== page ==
As with the beginning of the 1980s and 1990s the millennium did not get off to a very good start with sales declining by 17% from the end of 2000 until 2004. This was in part due to the opening of Waitrose Belgravia. Waitrose was regarded as champions of gentrification but was dreaded for its speciality foods by many delicatessen owners. However fortuitously the Cadogan Estate invited Partridges to move to the newly converted Barracks on the Kings Road. The 500 yard move to Duke of York Square was not easy but Partridges managed to close down one shop and reopen the other in the space of about 4 days. No money was expended on advertising though with just a sign popped on the old front door informing customers Partridges had relocated. In 2004 The Duke of York square wasn’t well known and many of Partridges’ customers thought it had closed down!

Partridges now occupy the ground floor of historic Queripel House, which has had many uses including as an indoor marching hall.

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The Saturday Fine Food Market, Duke of York Square

In 2005 to encourage more footfall Partridges launched the Saturday Duke of York Square Fine Food Market, with the support of Cadogan. It started with about 20 traders and took a while to establish itself with shoppers slowly increasing as the number of traders grew to about 70. It was a business risk bringing 70 competitors to trade just outside Partridges’ front door but the market made Partridges more accessible to younger customers. Stalls are offered to smaller businesses first and the word ‘Startisan’ was coined to describe the ‘Startup Artisans’ who form the main body of the market. In 2021 Partridges celebrated its 750th Fine Food Market.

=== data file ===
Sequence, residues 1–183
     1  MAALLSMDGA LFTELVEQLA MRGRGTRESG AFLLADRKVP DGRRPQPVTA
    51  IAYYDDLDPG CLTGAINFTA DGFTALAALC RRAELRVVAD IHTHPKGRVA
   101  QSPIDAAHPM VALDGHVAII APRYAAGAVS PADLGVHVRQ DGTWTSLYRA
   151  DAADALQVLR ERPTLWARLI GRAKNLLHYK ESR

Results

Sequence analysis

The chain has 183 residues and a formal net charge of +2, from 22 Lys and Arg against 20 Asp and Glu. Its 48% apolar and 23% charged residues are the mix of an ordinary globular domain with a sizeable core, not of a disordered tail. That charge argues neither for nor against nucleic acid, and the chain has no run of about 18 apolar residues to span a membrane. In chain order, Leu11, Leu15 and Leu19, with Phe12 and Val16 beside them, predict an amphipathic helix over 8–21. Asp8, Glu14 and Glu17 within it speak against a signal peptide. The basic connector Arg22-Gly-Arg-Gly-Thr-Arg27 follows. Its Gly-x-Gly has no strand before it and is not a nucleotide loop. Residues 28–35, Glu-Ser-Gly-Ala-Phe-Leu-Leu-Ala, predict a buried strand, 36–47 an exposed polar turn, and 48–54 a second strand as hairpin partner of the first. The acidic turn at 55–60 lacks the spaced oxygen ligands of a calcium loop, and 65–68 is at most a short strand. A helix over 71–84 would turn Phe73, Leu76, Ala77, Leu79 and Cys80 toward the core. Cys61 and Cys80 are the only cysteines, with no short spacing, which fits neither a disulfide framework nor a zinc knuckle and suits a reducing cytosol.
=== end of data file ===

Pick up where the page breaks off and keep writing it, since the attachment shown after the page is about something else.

2010s Awards & Gin 

In 2012 Partridges joined the large party on the Square to celebrate the Queen’s Diamond Jubilee.


In 2016 the market won a national award as Best Market Attraction and Partridges also won an award for Best Family Business in Retailing from Family Business United.


In 2017 Partridges joined the trend and created its own Chelsea Flower Gin. The Original was launched to celebrate its 45th Anniversary and the following May the No.2 Chelsea Flower Gin was launched with both becoming best sellers.


In 2019 John Shepherd became ‘Icon of the Speciality Fine Food & Drink Industry’ and that autumn Partridges won the 'In Good Taste’ award at the inaugural Chelsea Awards evening held at Saatchi Gallery. 

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2020s Covid 

The beginning of the 2020s has been marred by the Covid pandemic which Partridges had never experienced anything like before. Fortunately, the shops have been able to remain open throughout and a new normal is being established.


In 2022 Partridges is looking forward to celebrating its own Golden Anniversary and the Queen’s Platinum Anniversary.

Sir Richard Charles Scrimgeour Shepherd

1942 – 2022


Sir Richard Shepherd, the founder of Partridges, sadly passed away in London on Saturday 19th February 2022, aged 79.

Sir Richard was a British Conservative politician and Member of Parliament for Aldridge-Brownhills from 1979 to 2015. He was knighted in the 2013 New Year Honours for public service.

Sir Richard's brother, John Shepherd said... “Richard was a much loved brother, uncle and great uncle and through his work as a Member of Parliament for 36 years and an entrepreneur for even longer he helped a lot of people with his kindness and generosity and made many friends from different walks of life.


As a family our hearts are broken today but we take great reassurance from the fact that his was a life well lived and that he was a real gold medal winner in so many ways.”

Sir Richard's memorial service will be held in Chelsea on Partridges' 50th Anniversary, Wednesday 25th May 2022.

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Anchor - Sir Richard Shepherd